Written by PETA
If I were to list the most interesting experiences I've had in my 26 years of life, I'd say that eating a meal of vegan fried chicken with the president of the company that coordinates the purchasing of chickens for all Canadian KFCs at the PETA HQ—in the midst of our bitter five-year battle with the chicken chain—would make the top 10.
That was back in December. Six months later, I'm happy to report that our bread-breaking (along with negotiations, dozens of e-mails and phone calls, and a meeting in Toronto that preceded my "chicken" dinner) was successful: PETA has officially ended our Kentucky Fried Cruelty campaign in Canada. Our decision came with a new animal welfare plan that will affect all chickens killed for KFCs in Canada.
For one thing, 100 percent of the chickens killed for Canadian KFCs will be purchased—through a phase-in program—from suppliers that use "controlled-atmosphere killing" (CAK), the least cruel method of bird slaughter available. CAK works by replacing birds' oxygen with a mixture of nonpoisonous inert gasses to gently put them "to sleep." It may sound horrible—because killing animals for a fleeting taste sensation always is—but for animals killed for food, it's a 180° turnaround. Gone will be the days of broken bones, abuse by workers (because with CAK, workers never handle live birds), electric shocks, and live throat slitting and scalding.
The conditions for animals on farms will also be improved. In addition, the company that coordinates the purchasing of chickens for all Canadian KFCs will encourage the chicken companies supplying Canadian KFCs to move away from the cruelest breeding and farming practices and will also form an animal welfare advisory council.
But I haven't even gotten to the best news yet. That vegan fried-chicken meal that I ate with the head honcho in December might not be his last. Most KFCs in Canada will now be adding a vegan chicken item to their menus. That means that at least 65 percent of KFCs in Canada will now have a totally cruelty-free option (ask for the item, called the Classic Vegetarian Sandwich, in a wrap and with no mayo to make it vegan). Not too paltry, huh? (Get it?)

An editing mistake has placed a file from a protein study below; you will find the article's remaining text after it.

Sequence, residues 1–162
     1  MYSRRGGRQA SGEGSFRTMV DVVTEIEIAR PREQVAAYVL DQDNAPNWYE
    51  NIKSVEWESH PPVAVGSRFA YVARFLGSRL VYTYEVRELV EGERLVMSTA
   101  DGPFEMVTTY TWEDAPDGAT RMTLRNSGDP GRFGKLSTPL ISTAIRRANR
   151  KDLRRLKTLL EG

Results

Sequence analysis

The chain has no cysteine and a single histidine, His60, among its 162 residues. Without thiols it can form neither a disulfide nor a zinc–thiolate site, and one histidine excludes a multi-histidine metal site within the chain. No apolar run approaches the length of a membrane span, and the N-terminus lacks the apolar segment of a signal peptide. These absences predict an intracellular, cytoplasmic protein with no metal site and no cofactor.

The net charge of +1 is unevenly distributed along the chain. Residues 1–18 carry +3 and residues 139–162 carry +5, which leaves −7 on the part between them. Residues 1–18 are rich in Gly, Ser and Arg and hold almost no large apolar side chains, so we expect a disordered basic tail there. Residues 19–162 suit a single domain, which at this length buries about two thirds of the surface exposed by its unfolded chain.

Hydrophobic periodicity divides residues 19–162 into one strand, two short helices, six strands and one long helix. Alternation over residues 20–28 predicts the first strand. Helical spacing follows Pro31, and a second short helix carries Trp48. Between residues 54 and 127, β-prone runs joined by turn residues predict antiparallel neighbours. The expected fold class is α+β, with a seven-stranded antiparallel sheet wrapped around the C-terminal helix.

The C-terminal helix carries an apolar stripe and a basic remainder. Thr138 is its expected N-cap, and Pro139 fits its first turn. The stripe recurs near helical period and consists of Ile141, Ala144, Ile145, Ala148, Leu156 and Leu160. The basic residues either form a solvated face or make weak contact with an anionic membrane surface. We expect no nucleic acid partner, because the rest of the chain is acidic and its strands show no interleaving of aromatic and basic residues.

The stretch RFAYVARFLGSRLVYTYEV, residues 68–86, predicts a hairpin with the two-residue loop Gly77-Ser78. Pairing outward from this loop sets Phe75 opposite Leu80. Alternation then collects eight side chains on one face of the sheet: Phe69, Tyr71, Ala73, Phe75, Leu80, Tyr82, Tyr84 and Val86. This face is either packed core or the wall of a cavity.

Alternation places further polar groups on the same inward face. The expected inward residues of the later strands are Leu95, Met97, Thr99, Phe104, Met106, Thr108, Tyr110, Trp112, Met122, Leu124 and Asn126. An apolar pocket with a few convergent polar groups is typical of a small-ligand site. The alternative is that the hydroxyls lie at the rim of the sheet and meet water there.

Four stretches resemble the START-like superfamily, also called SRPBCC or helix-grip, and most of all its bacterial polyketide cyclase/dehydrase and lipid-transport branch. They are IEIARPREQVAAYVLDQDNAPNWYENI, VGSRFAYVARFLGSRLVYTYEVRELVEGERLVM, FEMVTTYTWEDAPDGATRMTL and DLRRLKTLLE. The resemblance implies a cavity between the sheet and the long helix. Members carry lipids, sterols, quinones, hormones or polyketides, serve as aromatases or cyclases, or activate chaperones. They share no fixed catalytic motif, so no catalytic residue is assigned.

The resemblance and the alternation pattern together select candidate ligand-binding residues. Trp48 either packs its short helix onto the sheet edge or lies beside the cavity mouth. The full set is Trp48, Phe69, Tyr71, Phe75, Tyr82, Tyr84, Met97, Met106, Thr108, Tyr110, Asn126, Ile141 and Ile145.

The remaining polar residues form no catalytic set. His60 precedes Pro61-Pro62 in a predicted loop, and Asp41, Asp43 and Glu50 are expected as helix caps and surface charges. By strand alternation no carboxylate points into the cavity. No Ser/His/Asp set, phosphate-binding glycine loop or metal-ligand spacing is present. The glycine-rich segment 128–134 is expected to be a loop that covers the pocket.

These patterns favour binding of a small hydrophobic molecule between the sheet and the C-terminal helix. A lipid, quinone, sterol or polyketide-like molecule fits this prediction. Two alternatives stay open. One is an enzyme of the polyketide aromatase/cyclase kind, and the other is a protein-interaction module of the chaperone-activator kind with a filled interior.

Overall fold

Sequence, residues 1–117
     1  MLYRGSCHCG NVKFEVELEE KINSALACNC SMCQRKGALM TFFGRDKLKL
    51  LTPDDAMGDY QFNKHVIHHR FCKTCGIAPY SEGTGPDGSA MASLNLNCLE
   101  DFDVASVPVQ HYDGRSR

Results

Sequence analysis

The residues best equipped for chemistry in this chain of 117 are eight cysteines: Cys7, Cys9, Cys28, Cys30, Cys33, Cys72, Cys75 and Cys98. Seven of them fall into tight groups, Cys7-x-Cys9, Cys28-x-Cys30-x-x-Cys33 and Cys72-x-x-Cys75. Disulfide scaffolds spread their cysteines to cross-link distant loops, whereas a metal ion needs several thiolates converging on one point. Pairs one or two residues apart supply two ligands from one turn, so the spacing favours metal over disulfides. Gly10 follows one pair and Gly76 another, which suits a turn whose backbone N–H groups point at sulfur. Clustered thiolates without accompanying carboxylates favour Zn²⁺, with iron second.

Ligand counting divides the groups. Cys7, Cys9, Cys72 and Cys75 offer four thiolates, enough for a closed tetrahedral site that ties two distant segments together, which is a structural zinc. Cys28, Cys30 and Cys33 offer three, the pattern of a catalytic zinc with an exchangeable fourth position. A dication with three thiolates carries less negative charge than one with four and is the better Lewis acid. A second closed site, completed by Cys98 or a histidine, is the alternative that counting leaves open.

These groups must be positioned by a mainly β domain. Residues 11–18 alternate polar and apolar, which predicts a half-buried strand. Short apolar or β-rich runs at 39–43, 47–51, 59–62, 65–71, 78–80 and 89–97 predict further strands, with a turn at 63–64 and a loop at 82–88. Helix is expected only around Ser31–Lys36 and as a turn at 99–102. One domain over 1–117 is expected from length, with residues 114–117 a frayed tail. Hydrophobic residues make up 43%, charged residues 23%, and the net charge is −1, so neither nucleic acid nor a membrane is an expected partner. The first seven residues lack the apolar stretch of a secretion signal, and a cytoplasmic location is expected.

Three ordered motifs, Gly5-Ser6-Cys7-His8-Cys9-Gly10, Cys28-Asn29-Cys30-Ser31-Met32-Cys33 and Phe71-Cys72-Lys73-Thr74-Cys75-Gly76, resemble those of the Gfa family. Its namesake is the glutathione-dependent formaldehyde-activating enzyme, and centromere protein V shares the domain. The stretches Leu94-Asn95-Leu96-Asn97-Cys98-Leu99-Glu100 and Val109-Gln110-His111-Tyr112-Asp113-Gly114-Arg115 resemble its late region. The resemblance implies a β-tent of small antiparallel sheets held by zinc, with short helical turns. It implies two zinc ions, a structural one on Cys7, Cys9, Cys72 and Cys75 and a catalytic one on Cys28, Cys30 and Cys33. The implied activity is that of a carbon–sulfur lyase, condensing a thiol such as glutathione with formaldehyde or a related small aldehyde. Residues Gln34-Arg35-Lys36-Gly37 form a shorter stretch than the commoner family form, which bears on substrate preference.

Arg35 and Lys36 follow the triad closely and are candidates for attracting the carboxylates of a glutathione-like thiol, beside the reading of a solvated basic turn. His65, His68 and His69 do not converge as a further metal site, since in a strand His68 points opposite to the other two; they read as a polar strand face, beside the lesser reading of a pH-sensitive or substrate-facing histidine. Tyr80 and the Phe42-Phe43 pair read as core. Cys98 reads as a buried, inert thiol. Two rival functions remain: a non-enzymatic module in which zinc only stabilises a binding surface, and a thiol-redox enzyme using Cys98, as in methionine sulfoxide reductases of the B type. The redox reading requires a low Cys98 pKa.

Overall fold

As for our campaign against KFC, it continues in full force everywhere else. In fact, I sent a letter to the CEO of KFC's parent company, Yum! Brands, today urging him to make the same changes that are being made in Canada.
Thank you to everyone who helped us win this historic victory by staging protests, writing letters, and forwarding videos (among other things).
To everyone who has yet to help: Lend a hand by logging on to KentuckyFriedCruelty.com and signing our petition urging KFC to improve animal welfare worldwide.
Posted by Matt Prescott, Assistant Director of Corporate Affairs
If you’re one of those upstanding animal lovers who’s been digging in and taking your pet-related business elsewhere until the PetSmart people stop selling live animals, here’s an opportunity to take some credit for it. If you still have that old PetSmart Pet Perks card, you can finally dust it off and do something useful with it: We’re looking for pics and video of you cutting up your PetSmart cards, and we’ll post any good ones we receive on our Flickr page, so you can bask in the warm glow if Internet celebrity while you pat yourselves on the back for having done the right thing. You can send pics or video here.
If you’re looking for a little inspiration (or if you’re in the mood to irretrievably lose two minutes of your precious time), the Princess and I have put together this neat little instructional video.
We've all been there—holding our signs, chanting our protest slogans, passing out our leaflets, and smiling and waving until we felt like the bloody Queen of England. And then some person who's having a bad day decides to take it out on you because you're an easy target.